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Criminal Queerness Festival June 2024 at PAC NYC

Celebrate Pride Month, resistance, and love with National Queer Theater’s Criminal Queerness Festival. Across the globe, queer artists risk censorship, imprisonment, and violence for simply sharing their truth. Since 2019, the Criminal Queerness Festival has produced playwrights from Syria, Venezuela, Uganda, Kenya, Iraq, China, Pakistan, Tanzania, Egypt, Mexico, India, Lebanon, Poland and the Ukraine.

After three successful years at Lincoln Center, we are moving to the Perelman Performing Arts Center for two full weeks of shows. We are so thrilled to be bringing this work to a broader audience, and also increasing our run from three days to two weeks.


We are so excited to be a part of PAC NYC’s new history by being part of their inaugural season of programming. At National Queer Theater, amplifying marginalized queer voices is one of our most important missions. We’ve been embodying this commitment since our founding five years ago, and the Criminal Queerness Festival has been one of our most important events. In countries where queerness is criminalized, suppressed, or censored, creating queer art can be a precarious act. We strive to create the space for queer artists to actualise their art with safety, empowerment, and love.

What's Playing?

The Survival


Written by Achiro P. Olwoch

Achan, feeling pressure from her mother for not yet being married at 27, falls for Oyat after meeting him at a bar. Unbeknownst to Achan, Oyat is hoping she will be a surrogate for him and his boyfriend’s child. When Achan learns the truth from Oyat’s boyfriend, John, she must confront her own traditional upbringing to find love and new notions of family in modern Uganda.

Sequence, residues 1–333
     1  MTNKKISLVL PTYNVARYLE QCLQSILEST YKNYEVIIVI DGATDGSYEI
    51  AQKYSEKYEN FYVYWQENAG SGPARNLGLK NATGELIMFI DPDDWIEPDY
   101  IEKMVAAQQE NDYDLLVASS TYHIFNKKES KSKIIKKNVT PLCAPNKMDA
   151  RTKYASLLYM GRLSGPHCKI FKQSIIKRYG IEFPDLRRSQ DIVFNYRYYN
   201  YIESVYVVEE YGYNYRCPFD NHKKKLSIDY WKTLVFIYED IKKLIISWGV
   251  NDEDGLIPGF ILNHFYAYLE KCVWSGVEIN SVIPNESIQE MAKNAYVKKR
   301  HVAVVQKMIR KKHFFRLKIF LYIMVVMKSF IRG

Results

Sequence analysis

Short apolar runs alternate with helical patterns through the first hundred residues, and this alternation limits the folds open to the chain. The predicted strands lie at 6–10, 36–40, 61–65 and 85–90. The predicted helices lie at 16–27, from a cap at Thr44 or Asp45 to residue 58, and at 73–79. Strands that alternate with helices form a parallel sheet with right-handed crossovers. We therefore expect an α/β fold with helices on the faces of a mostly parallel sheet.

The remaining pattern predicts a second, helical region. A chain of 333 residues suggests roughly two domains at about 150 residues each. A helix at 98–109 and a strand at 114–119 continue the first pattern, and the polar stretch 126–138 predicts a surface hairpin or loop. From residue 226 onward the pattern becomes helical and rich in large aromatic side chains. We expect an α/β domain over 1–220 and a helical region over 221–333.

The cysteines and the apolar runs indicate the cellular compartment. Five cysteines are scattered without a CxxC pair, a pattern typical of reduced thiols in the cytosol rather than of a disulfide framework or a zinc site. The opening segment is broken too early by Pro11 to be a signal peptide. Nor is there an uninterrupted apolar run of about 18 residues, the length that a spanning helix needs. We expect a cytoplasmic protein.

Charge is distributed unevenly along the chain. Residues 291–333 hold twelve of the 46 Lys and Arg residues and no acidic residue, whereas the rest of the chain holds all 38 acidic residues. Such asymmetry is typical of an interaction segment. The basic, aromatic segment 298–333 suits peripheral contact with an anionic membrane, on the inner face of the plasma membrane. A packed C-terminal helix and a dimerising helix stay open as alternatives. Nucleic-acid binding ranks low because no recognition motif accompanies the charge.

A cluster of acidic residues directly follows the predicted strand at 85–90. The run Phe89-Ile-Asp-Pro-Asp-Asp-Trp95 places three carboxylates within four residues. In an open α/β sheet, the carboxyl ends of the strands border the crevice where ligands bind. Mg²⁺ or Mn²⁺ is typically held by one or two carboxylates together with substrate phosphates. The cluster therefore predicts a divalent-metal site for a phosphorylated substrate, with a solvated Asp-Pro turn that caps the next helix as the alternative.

Originally developed at the 2022 Criminal Queerness Festival at Lincoln Center for the Performing Arts.

She He Me

Screenshot 2023-09-17 at 11.11.28 AM.png

Written by Raphaël Amahl Khouri

She He Me is the first Arab transgender play. It follows the true stories of three Arab characters who challenge gender norms. Randa is an Algerian transwoman who is expelled under the threat of death from her homeland because of her LGBT activism there. Omar is a Jordanian gay man, who, rather than body dysphoria, suffers social dysphoria when it comes to the strict codes of masculinity imposed and expected of him by both the heterosexual and gay community around him. Rok is a Lebanese transman. His main challenge is convincing his very conservative religious mother that her daughter is actually a boy. Through humor and horror, the three characters come up against the state, society, and family, but also themselves.

Originally developed for the 2020 Criminal Queerness Festival with Dixon Place. Photo courtesy of Kosmos Theater in Vienna.

Waafrika 123: A Queerly Scripted Tragic Rise to African Fantasia

Waafrika 123 by Nick Hadikwa Mwaluko (PC_ Sean Velasco Dodge) Feat. Karen Eilbacher (L) an

Written by Nick Hadikwa Mwaluko

On the eve of the country’s first democratic elections, everyone is brewing with expression, even in the tiny, rural village, Luoland, with no electricity or running water some 250 kilometers northwest of Nairobi. There, although lesbians ‘don’t exist’ in Kenya, two women fall in love: Bobby, an American development worker and Awino from the Luo tribe. To complicate matters, Awino’s father is also the Chief who enforces traditions and codes. So when famine strikes, the villagers blame the lesbians for the many, many deaths by starvation. To regain equilibrium, to make everything “normal” once again, Awino – butch bordering on trans – must be “circumcised” – by force – so s/he can act like a real woman rather than a woman “who wants to be” a man, and Bobby must leave. Will Awino and Bobby agree to separate for the good of their community? Or will the village itself change?

Originally developed at the 2019 Criminal Queerness Festival at IRT Theater.

Come back later...

Tickets on sale March 5, 2024.

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